Growth this year pegged at 2.6% – Jordan

- projection for next year is 3.8%

Gross Domestic Product (GDP) growth this year has been 2.6% compared to the originally projected 4.4% following a downswing in key sectors, Finance Minister Winston Jordan said while delivering the $250 billion 2017 budget yesterday in the National Assembly.

The GDP growth projection next year is 3.8% on the back of mining and quarrying and an expected recovery in other sectors.

Delivering his third budget presentation, Jordan said that at the middle of this year, real economic growth was 2 per cent but since several industries and sectors including sugar, rice, construction, and the wholesale and retail trade, were “showing signs of distress”, the rate of growth was revised downwards to 4 per cent. Thereafter, several unexpected developments arose including the downsizing of Barama Company Limited and Demerara Timbers Limited’s operations in the forestry sector. Jordan also cited structural changes, ongoing strikes in the sugar industry and the slow pace of implementation of the Public Sector Investment Programme for a reduction of the real growth rate in 2016 to 2.6 per cent.

Except for fishing and other crops there was a dismal performance in the agricultural sector. Jordan said that despite an encouraging recovery in 2015, sugar output is projected to slide by 18.7 per cent, to reach 188,000 metric tonnes this year. The low production was attributed to the El Niño dry spell experienced earlier in the year which resulted in lower yields, combined with late planting and strikes during the second half of the year.

As a result of continued uncertainty in the rice industry, the Finance Minister said that output is expected to reach 600,000 metric tonnes in 2016, a drop of 12.8 per cent from the total achieved in 2015.  He blamed El Niño again and the loss of the lucrative Venezuelan market.

Nevertheless, he said that the Government is encouraging both farmers and millers to move towards more value-added products. In this regard, during 2016, 300 acres of aromatic rice were sown for the first crop and over 3,000 acres for the second crop, compared to less than 100 acres planted for both crops during 2015. Two millers are actively engaged in this venture and have already secured markets, in the US, he disclosed.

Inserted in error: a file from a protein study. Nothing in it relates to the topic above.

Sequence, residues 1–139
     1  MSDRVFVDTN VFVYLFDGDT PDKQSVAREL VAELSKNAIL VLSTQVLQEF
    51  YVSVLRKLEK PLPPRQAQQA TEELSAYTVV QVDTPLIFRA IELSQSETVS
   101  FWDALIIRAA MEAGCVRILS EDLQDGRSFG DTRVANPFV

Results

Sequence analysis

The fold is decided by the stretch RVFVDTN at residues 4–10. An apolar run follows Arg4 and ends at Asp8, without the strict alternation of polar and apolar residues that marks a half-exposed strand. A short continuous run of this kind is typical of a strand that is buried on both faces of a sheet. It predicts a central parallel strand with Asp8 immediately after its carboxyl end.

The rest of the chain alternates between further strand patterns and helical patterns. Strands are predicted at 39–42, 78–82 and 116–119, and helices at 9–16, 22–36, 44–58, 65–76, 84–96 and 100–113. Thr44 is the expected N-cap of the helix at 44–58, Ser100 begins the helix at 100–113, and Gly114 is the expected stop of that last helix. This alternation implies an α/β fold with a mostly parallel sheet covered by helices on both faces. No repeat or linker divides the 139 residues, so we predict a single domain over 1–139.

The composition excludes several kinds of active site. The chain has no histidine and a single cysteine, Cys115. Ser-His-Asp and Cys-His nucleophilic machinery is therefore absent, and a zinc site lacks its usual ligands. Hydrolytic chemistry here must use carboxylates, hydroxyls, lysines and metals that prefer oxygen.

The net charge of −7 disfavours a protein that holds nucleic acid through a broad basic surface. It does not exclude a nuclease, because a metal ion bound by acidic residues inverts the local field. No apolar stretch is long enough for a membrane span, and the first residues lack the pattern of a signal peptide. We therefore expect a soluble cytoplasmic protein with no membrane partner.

The livestock sector is expected to shrink by 5.1 per cent this year. Jordan said that the gains made in poultry production are projected to be undercut by a fall in milk production by 19 per cent. This fall in milk production is due to reduced demand, prompting farmers to take their animals out of lactation. However, Jordan said that the establishment of two abattoirs in Regions 5 and 9, along with improved breeding stock and better husbandry practices, are expected to boost growth in this sector.

Forestry is also expected to slump by 33.3 per cent mainly as a result of Barama halting the production of logs and the UK’s restriction on greenheart logs from here.

Fishing and other crops performed creditably, with growth recorded at 11.8 per cent and 2.5 per cent, respectively. Jordan said that growth in the fisheries sector is expected to be supplemented by the introduction of deep float pelagic tuna production.

Mining and quarrying

The mining and quarrying sector is slated to grow by 35.7 per cent in 2016, the highest in over a decade. Jordan said that gold production is expected to reach 644,814 ounces as a result of the combined efforts of small and medium-sized miners “responding to the generous concessions granted by Government and rising global gold prices, and the two foreign-owned companies reaching full capacity”. Jordan said that the bauxite industry is expected to expand by 9.6 per cent, while the other mining and quarrying sector is projected to jump by 22 per cent, mainly due to a whopping 92.5 per cent hike in sand production and a 9.2 per cent increase in stone output.

Manufacturing is projected to fall by 7.1 per cent this year, as a result of the dismal performances in sugar and rice, as well as a small decline in other manufacturing.

Construction also declined from a budgeted 10.5 per cent to a projected 3.2 per cent in 2016. This is related to a decline in activity in the housing sector and the Public Sector Investment Programme.

2017 targets

Jordan said that next year the agriculture, fishing, and forestry sector is projected to expand by 4.2 per cent in 2017. Sugar production is expected to rise by 10.6 per cent, partly as a result of the assumption that El Niño weather conditions would not recur along with consolidation measures and improved field and factory conditions at some estates.

He said however that no growth is expected in rice production but the forestry sub-sector is expected to rise by 5.8 per cent, due to the restructured allocation of concessions given up by Barama and the resumption of operations by a major operator.

The mining and quarrying sector is expected to rise by 7.9 per cent as a result of continued strong performances in the gold, bauxite, and quarrying industries. Gold output is targeted at 694,000 ounces, while that for bauxite is estimated at 1,726,008 metric tonnes.

The manufacturing sector is expected to grow by 1.9 per cent, with light manufacturing set to appreciate by 1.2 per cent. The importance of “buying local” cannot be over-emphasized, Jordan stated.

The construction sector is expected to expand by 5 per cent, an improvement over the 2016 performance.